(i) Physical Injury leading to psychological injury

There is case law which favours recovery for psychological injuries provided such injuries are caused by the physical injuries sustained. This was the view of the District Court in the United States case of Jack .v. Trans World Airlines Inc, 854 F Supp 654 (ND Cal, 1994). It distinguished between a situation where a psychological injury was caused by the physical injury and one which was not but merely related to the accident itself. No recovery was allowed in the latter situation. The generally accepted view would be that damages are recoverable if a claimant can prove that his psychological injuries were caused by his physical injuries.

(ii) Psychological injury leading to physical injury

The House of Lords in the English case of King .v. Bristow Helicopters [2002] UKHL examined this scenario. The Plaintiff in that case was a passenger on board a helicopter when, shortly after take off, the engines failed. The helicopter did not crash but safely landed. The Plaintiff sustained post traumatic stress disorder as a result of which he developed the onset of onset of peptic ulcer disease. The Plaintiff's appeal was allowed.

Lord Hope in that case said "A peptic ulcer disorder involves the tissues of the body, and it is not difficult to see that it is a kind of bodily injury...while there is no general right to recover damages under Article 17 for mental injury sustained by a passenger, damages for the physical manifestations of a mental injury will be recoverable."

On this basis, the Plaintiff could recover but only in respect of the peptic ulcer as it was a physical injury caused by psychological trauma.

(iii) Post traumatic stress disorder-a form of bodily injury?

The issue of whether Post Traumatic Stress Disorder ("PTSD") could be considered a physical injury to the brain and so give rise to recovery under the Convention has arisen in a number of leading cases in the United States and the United Kingdom.

In the United States case of Weaver v Delta Airlines Inc (1999) 56F Supp 2d 1190, the Plaintiff maintained she sustained chronic PTSD as a result of an emergency landing of the defendant airline with whom she was travelling as a passenger. The Plaintiff relied on scientific research to show that her PTSD evidenced an injury to her brain. On this basis, she was able to recover under the Warsaw Convention.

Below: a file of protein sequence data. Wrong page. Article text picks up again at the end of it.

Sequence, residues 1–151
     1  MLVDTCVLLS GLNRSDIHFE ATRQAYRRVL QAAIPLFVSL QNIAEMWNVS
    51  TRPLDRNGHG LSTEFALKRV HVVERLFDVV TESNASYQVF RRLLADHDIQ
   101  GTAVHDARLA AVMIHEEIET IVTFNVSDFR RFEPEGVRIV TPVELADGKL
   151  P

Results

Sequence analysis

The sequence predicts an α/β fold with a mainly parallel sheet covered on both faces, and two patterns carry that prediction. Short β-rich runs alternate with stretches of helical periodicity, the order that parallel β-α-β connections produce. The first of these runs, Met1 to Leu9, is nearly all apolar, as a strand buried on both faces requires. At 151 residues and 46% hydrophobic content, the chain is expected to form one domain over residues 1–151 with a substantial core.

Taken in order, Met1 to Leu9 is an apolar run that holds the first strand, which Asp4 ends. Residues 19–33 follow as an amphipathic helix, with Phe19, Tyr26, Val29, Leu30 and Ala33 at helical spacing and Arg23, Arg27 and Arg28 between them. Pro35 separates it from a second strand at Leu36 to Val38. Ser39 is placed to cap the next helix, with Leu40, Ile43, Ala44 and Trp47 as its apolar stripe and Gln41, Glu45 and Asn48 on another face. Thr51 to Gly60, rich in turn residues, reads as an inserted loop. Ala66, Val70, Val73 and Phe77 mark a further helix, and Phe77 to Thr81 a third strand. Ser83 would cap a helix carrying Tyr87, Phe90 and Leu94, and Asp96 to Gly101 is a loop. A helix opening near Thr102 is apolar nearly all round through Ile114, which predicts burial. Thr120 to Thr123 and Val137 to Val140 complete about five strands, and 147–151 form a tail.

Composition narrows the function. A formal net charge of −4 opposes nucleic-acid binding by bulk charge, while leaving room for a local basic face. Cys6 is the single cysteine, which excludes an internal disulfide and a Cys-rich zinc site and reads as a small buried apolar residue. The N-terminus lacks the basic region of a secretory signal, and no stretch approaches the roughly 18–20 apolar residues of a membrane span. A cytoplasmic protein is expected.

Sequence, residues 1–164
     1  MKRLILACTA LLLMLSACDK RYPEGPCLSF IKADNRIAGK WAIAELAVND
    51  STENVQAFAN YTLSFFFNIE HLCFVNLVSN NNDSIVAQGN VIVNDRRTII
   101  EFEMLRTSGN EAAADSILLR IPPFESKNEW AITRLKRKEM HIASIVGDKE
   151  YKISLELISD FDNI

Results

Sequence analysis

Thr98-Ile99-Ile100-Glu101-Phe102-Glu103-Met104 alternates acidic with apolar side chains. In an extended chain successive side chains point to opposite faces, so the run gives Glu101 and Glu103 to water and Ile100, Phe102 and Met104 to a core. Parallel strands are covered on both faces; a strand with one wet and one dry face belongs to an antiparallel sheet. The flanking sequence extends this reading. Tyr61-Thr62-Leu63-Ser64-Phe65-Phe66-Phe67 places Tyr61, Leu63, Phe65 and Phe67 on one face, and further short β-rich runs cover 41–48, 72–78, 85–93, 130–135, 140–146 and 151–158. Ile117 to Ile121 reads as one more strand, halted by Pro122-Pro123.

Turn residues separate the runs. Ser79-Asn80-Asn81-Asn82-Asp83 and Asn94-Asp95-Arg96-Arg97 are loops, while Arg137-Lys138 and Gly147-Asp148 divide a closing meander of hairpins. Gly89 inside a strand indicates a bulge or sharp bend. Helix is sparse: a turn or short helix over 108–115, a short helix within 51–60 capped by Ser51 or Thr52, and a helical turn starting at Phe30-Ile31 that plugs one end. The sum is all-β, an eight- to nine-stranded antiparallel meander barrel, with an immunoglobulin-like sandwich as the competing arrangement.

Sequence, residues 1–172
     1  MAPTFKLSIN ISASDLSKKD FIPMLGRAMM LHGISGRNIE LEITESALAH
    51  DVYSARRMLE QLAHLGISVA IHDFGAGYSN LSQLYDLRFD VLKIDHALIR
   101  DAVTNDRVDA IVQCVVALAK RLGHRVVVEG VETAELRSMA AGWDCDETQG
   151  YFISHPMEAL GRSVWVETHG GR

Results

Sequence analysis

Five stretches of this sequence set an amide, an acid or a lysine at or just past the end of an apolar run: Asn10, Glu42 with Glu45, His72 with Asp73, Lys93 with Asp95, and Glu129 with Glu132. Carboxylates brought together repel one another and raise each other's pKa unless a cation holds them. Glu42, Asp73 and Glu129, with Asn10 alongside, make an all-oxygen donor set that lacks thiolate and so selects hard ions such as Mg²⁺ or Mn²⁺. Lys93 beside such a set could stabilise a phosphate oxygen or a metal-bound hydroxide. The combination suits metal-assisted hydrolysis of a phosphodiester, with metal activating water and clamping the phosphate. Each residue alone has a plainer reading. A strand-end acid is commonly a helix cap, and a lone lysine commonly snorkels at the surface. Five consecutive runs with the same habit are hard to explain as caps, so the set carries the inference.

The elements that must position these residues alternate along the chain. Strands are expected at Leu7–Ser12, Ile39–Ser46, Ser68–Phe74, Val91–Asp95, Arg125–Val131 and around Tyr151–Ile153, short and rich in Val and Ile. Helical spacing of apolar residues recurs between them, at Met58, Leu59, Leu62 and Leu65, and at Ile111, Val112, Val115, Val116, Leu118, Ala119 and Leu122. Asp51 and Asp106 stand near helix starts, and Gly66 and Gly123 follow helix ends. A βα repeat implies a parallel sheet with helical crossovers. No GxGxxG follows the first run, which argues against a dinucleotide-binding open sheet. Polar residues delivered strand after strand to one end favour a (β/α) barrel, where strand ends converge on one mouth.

Similarly, in In re Crash at Little Rock, Arkansas, on June 1, 1999 (2000) 27 Avi 18,428, the Judge held that..."evidence presented at the trial, both in the form of expert testimony and exhibits, established that PTSD is a biological/physical as well as a psychological injury." However, the decision in that case was later rejected by the Court of Appeal. The Plaintiff's doctor had opined that the Plaintiff's brain had undergone a physical change on the basis of symptoms of disrupted sleep and concentration and flashbacks. The Court of Appeal found this was not enough to establish a physical change to the Plaintiff's brain and said certain tests which could have shown the functioning of her brain were not applied.

The majority view in the King case (supra) was that recovery was possible under the Warsaw Convention if evidence was produced of injury to the brain. Lord Mackay said "I would apply the simple test, does the evidence demonstrate injury to the body, including in that expression the brain, the central nervous system and all the other components of the body?"


What the above case law demonstrates is that a clear precedent has been set that psychological injury alone is not sufficient for a claimant to recover damages against an airline under the Convention. Although not bound by the decision of the Circuit Court in the case of Howe (supra), it is likely that the Irish High Court, which is a court of unlimited jurisdiction, will find the arguments made by the House of Lords in the English case of Morris (supra) very persuasive. This is good news for the airlines which might otherwise be faced with exaggerated, or even fraudulent claims, by opportunistic passengers.

The content of this article is intended to provide a general guide to the subject matter. Specialist advice should be sought about your specific circumstances.